The State Of British Tourism In 2013

In the wake of a devastating economic recession, it’s absolutely vital that the state of British tourism remains vibrant and healthy. In 2013, it is clear that numbers have dipped. Fewer people are coming to the United Kingdom for holidays, says Independent journalist Amol Rajan. Yet despite this, the industry appears to be weathering the storm. The question is – can it continue to fight against a rising tide of complex and difficult financial issues? Even now, there are a million and one different reasons to come to Britain. We might have a pretty fragile economy, but it is recovering. Our retail sector is still facing very difficult times, but it hasn’t given up or given in. We just legalised gay marriage – a move that is worthy of all the patriotic pride and bluster that you can manage. Visit Cottages Direct for the best deals on holiday accommodation in this country.


Let’s face it, Britain is still a great place to visit. The problem is that it’s not always a great place to live, especially at the moment. If British people are so unhappy, the rest of world is bound to make judgements. There are a lot of countries where life has become a lot more difficult over the last few years, but Britain doesn’t always seem like it’s on the right track.

Life in Britain has become extremely expensive. We need our tourism industry, we must support and nurture it as much as possible. Earlier in the year, the government proposed a new plan designed to help the country fund and maintain its thousands of museums and galleries, says The Art Newspaper journalist Javier Pres. It proposed that foreign visitors should pay for entry to our, currently free, attractions.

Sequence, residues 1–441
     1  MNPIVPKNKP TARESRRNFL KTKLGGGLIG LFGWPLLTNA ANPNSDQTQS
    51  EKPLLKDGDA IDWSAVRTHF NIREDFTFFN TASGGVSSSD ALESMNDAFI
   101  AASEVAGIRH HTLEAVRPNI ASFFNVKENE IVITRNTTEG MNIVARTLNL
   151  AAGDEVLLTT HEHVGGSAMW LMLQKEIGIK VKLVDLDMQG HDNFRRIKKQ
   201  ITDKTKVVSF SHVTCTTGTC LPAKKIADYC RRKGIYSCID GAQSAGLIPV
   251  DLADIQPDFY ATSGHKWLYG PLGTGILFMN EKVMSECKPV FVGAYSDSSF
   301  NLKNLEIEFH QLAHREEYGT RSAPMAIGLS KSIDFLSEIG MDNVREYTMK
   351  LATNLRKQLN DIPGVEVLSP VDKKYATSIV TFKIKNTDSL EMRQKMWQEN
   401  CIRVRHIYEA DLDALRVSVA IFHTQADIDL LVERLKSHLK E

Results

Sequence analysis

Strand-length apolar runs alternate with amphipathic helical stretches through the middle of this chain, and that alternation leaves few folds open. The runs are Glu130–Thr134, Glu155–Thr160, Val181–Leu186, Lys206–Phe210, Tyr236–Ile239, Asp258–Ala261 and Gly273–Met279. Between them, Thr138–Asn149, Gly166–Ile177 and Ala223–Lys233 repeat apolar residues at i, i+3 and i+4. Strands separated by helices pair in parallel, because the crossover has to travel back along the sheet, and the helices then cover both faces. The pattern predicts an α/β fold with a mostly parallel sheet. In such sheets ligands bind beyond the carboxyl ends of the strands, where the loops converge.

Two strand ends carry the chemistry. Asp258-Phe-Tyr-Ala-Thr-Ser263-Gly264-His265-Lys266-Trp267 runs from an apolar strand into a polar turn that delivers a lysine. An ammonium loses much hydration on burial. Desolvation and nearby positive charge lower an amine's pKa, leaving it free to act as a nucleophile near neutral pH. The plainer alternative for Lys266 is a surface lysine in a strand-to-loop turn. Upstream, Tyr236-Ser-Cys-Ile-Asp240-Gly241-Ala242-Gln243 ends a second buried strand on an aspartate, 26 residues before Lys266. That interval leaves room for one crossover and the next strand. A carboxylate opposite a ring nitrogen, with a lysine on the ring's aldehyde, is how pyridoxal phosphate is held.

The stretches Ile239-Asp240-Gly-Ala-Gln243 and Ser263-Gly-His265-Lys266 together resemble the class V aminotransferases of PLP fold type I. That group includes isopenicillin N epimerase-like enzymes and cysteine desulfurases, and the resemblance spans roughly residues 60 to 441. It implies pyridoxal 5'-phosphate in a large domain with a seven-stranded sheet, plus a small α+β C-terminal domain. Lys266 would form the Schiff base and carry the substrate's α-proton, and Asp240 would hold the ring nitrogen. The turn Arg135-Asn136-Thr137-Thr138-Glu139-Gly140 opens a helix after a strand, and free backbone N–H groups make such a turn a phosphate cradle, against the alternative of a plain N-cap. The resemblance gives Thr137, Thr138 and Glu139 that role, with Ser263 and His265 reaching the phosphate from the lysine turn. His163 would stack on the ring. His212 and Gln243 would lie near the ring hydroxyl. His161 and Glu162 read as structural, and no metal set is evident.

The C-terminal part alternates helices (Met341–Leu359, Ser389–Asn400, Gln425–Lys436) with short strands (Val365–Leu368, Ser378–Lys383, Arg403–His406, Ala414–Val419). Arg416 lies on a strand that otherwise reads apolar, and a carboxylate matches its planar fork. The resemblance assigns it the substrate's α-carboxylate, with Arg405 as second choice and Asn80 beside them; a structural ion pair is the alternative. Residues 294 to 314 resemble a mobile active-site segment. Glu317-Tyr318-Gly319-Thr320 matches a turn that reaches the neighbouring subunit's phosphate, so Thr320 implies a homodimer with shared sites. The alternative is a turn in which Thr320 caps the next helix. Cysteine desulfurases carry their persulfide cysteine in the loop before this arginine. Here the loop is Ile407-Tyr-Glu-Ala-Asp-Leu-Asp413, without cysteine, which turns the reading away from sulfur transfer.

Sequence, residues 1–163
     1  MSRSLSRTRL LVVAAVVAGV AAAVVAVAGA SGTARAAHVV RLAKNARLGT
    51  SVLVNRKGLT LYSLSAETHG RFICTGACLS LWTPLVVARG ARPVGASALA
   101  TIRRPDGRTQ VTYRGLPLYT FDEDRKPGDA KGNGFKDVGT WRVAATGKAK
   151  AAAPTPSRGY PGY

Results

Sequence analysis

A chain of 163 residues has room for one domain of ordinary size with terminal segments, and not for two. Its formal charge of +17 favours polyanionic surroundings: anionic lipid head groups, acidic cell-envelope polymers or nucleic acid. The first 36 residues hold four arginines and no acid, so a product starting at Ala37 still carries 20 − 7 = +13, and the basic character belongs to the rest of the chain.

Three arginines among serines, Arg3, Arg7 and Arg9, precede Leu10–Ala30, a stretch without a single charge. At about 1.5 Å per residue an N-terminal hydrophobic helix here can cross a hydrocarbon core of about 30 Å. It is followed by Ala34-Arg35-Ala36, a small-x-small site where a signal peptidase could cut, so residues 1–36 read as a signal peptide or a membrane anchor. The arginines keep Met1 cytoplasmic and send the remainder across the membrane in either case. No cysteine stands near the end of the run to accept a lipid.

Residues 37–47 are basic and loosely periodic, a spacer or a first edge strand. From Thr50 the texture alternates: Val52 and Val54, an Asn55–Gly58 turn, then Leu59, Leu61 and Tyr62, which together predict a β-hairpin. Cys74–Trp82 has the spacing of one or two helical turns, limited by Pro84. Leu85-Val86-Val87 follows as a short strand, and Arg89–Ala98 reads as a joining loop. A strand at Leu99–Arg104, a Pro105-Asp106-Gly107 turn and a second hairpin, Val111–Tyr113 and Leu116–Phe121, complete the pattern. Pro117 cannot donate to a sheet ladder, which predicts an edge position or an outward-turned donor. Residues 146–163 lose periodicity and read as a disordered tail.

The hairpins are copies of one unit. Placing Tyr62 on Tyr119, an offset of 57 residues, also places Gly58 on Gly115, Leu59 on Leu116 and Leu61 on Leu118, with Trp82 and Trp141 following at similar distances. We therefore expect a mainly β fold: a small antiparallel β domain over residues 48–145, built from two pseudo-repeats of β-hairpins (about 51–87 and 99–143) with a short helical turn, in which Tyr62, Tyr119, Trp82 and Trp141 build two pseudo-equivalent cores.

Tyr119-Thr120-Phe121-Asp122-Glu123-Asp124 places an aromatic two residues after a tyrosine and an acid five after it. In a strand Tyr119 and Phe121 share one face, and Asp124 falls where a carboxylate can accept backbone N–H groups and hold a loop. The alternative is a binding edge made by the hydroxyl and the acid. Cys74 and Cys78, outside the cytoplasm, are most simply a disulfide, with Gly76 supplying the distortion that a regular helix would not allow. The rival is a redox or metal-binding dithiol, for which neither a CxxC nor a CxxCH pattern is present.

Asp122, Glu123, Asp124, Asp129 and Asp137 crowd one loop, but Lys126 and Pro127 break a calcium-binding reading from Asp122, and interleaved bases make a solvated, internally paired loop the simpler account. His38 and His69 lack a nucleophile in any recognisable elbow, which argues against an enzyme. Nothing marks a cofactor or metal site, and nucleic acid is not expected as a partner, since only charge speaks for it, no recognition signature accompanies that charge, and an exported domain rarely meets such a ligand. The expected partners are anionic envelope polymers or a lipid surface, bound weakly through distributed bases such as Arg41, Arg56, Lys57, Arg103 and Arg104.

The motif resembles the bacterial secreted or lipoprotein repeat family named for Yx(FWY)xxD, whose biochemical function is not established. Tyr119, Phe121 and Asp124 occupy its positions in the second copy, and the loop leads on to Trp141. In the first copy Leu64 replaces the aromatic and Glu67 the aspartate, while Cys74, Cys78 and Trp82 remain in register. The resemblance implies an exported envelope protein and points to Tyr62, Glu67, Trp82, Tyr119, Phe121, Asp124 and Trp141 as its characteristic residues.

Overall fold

To British citizens, this is a superb idea. We are fiercely proud of our heritage and it devastates many people to see museums and galleries closing down for good. Furthermore, the rest of Europe does charge for entry to museums, and has been doing for years. It is only fair that Britain should have a chance to benefit from the same system. The question is – would tourists go for it?

In the wake of the proposal, hundreds of surveys were conducted to try and find out what tourists thought about the idea. The vast majority of visitors claimed to be more than happy to pay a modest fee, for entry to a British museum or art gallery. This could be the next big step for the UK tourism industry, says It is possible that we could levy visitors to this country, on a much more lucrative scale.

It absolutely vital, however, that plans like this one are very carefully thought through. It’s essential that we don’t go too far, in other words. Britain needs to find the right balance between what it can give and what it can take away, in exchange for giving in the first place. We have a lot of magnificent attractions in this country, but do we want to be charging as much as France does for its museums?

The famous Louvre museum, in Paris, charges around £15 per person. This includes entry to every exhibition and collection in the building. This might not sound like a lot to a lone traveller, but think about a group of four. The combined cost of a trip to the Louvre is going to come to more than sixty pounds – that’s without taking into account the price of food, drinks and souvenirs.

The British tourist industry is more than robust enough to survive the economic recession. It might not escape unscathed, however. It is with a heavy heart that we have been forced to consider these kinds of plans. To us, a country’s heritage is a priceless thing. It is worth far more than the cost of a ticket stub.

Author Bio: Charlene Baker is an art and media student at Portsmouth University. If you’re on the lookout for a place to stay in Britain, she recommends Cottages Direct. She can usually be found working on a project, or campaigning on behalf of UK galleries and museums.

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